Balinese Hinduism

Hinduism in Bali

Balinese Hinduism is very closely related to the Hinduism in Indian history. Their beliefs are based on the Vedic, ancient writings, philosophies and various living arrangements with many different theories that all support each other. Therefore, Hinduism is not a dogmatic religion, but rather a result of a spiritual lifestyle. The traditions that exist in Hinduism also continue to develop and change over time.

Hinduism came to Bali during the arrival of Indian traders. Long before Islam, Hinduism became the core beliefs of the people using rituals, traditions, and arts. It also brought with it spiritual ideas, myths and legends – which can be seen in the unique festivals and events associated with the spirits of ancestors and their gods. The temples in Bali also have similar designs and principles to the Indian temples. Balinese call their sacred temples (Pura), which is a holy place with enclosed walls. There are more than 20,000 temples across the island; each one is associated with a specific characteristic such as virtue of descent or geographical area.

Balinese Hinduism as an Official religion in Indonesia

After the independence of Indonesia, there were struggles to organize the religious life of its citizens that consist of various dimensions and beliefs. This lofty intention was outlined on its basic ideology called Pancasila (“Panca” means five, “Syila” means principals so that it can be interpreted as five fundamental ideologies for the country). In the first precept which says “Ketuhanan yang maha esa”, it is explicitly referring to believe and worship only one God/ Goddess. It was a polemic in the legalization of Balinese Hinduism as one of the official religions in Indonesia. At that time, Balinese Hinduism was only considered as a sect of a religion. The Balinese did not want to give up; they continued to struggle to validate their faith and beliefs as a religion recognized by the country. After a long journey and all the hard struggles by the heads of religions, cultural observers and various parties related to Bali Hinduism, finally, it was established as one of the official religions in Indonesia in 1959.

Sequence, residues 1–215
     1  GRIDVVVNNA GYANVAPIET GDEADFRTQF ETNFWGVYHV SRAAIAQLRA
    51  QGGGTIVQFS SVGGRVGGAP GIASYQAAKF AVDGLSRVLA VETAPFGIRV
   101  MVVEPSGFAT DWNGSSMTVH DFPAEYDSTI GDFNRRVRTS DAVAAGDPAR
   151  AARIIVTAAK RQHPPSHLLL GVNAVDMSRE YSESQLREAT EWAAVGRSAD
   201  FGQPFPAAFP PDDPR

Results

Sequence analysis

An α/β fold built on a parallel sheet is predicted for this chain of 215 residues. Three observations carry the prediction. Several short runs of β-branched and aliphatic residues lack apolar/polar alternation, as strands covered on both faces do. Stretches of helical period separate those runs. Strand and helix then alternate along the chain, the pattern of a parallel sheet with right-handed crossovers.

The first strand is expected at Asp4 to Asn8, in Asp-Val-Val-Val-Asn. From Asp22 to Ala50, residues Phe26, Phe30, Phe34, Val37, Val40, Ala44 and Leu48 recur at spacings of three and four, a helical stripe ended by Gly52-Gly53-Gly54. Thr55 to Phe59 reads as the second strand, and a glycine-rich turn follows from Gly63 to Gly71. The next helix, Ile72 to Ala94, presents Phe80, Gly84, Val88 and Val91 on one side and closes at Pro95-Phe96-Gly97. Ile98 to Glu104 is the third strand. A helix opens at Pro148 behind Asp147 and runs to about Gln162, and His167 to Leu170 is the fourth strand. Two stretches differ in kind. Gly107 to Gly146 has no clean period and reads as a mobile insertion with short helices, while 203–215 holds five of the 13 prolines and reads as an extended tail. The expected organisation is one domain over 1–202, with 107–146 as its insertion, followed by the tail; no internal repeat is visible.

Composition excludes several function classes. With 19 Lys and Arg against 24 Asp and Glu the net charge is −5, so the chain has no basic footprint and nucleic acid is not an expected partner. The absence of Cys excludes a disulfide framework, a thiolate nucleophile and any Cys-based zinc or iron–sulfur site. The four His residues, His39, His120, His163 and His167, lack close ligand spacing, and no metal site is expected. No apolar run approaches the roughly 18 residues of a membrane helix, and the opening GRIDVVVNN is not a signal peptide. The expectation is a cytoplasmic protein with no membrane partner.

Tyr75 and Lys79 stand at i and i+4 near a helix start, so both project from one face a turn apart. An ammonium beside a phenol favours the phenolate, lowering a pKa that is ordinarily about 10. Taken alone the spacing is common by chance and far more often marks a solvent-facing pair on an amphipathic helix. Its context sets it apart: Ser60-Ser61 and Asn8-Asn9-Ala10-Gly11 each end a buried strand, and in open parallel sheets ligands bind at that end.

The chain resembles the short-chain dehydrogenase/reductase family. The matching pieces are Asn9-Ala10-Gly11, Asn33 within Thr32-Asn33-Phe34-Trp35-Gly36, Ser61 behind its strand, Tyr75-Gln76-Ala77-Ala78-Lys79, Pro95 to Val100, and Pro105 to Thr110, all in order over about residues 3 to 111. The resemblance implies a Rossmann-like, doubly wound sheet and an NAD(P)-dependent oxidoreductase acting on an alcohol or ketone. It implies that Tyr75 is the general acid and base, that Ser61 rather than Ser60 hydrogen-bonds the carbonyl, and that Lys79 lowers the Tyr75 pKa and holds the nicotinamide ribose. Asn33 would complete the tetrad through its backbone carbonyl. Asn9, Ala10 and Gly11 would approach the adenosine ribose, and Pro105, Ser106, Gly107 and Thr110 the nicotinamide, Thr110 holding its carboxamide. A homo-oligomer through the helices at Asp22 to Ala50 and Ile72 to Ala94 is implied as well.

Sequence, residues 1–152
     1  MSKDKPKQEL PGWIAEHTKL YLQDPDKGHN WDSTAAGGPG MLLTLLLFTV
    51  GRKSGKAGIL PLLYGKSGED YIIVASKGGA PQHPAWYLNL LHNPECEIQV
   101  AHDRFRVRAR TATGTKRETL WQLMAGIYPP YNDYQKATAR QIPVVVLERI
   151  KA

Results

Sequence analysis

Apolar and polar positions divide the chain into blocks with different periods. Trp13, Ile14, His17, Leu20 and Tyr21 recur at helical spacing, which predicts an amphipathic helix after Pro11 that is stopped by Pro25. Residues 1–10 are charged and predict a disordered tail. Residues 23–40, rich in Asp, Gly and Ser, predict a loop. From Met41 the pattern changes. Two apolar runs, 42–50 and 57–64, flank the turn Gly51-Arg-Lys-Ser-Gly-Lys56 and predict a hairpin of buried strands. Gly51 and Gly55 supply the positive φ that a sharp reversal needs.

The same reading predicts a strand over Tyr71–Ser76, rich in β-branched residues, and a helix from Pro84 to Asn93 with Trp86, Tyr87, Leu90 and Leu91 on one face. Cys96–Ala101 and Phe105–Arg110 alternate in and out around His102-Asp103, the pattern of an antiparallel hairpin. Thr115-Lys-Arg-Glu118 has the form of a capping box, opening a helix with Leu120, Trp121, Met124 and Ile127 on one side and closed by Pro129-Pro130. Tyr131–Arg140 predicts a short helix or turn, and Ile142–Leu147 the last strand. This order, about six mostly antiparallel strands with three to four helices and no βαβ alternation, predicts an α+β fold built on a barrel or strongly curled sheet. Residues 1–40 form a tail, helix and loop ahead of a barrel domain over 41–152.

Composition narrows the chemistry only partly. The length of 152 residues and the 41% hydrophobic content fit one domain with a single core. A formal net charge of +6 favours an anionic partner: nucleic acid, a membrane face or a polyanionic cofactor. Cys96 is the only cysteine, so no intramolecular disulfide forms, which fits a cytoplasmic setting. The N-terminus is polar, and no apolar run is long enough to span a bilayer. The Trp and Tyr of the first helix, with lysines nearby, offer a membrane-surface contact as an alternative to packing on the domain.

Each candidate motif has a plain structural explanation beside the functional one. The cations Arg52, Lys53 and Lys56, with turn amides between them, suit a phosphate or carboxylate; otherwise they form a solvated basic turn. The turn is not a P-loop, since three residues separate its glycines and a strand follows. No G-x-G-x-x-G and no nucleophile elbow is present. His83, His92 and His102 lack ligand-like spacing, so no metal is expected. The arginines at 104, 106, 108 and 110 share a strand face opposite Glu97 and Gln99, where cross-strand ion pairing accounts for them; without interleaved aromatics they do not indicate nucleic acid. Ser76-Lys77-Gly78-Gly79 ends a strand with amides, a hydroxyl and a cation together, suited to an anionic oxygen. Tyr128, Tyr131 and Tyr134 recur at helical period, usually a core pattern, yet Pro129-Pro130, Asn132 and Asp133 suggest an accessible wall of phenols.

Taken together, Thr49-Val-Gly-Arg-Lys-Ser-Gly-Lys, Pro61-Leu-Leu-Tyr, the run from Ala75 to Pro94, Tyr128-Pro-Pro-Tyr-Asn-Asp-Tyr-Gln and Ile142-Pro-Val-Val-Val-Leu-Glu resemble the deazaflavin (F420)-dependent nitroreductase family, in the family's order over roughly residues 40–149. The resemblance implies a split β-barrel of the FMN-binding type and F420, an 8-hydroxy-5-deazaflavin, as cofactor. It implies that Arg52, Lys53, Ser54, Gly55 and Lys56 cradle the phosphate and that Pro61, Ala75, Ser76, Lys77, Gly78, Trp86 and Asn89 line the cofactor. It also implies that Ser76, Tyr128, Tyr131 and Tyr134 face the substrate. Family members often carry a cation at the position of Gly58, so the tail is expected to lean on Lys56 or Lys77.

Balinese Hinduism can be defined as a combination of 2 beliefs, the Shiva sect of Hinduism and Mahayana Buddhism. That is why it is often called the Shiva-Buddhist, Hindu-Dharma, Tirtha religions and also the Holy Water Religion. However, unlike polytheistic Indian Hinduism, in the belief of Balinese Hinduism, they only worship one God, called Sang Hyang Widhi, Acintya or Sang Hyang Tunggal. Vedas is used as their primary scriptures, along with other holy writings about life arrangement called Shruti (gospels passed down by the Rsi in ancient times), Smerti (literature inherited from generation to generation, non-revelation papers) and Yadnja (the rules of religious operations including about rituals and ceremonies that are engraved on lontar leaves). The true Balinese Hinduism is a personal spiritual experience and an individual’s journey in finding the meaning of their life. It offers to reach perfection through “moksa” (becoming one with the universe), not only based on certain dogmas. Comparing Hinduism as a dogmatic religion with others is somewhat irrelevant, as in essence, Balinese Hinduism is rooted from doctrines originating from the spiritual traditions of Nusantara that had existed since thousands of years, along with the uniqueness, characteristics, and enlightenments of saints who had lived on this land, way before the country was established.

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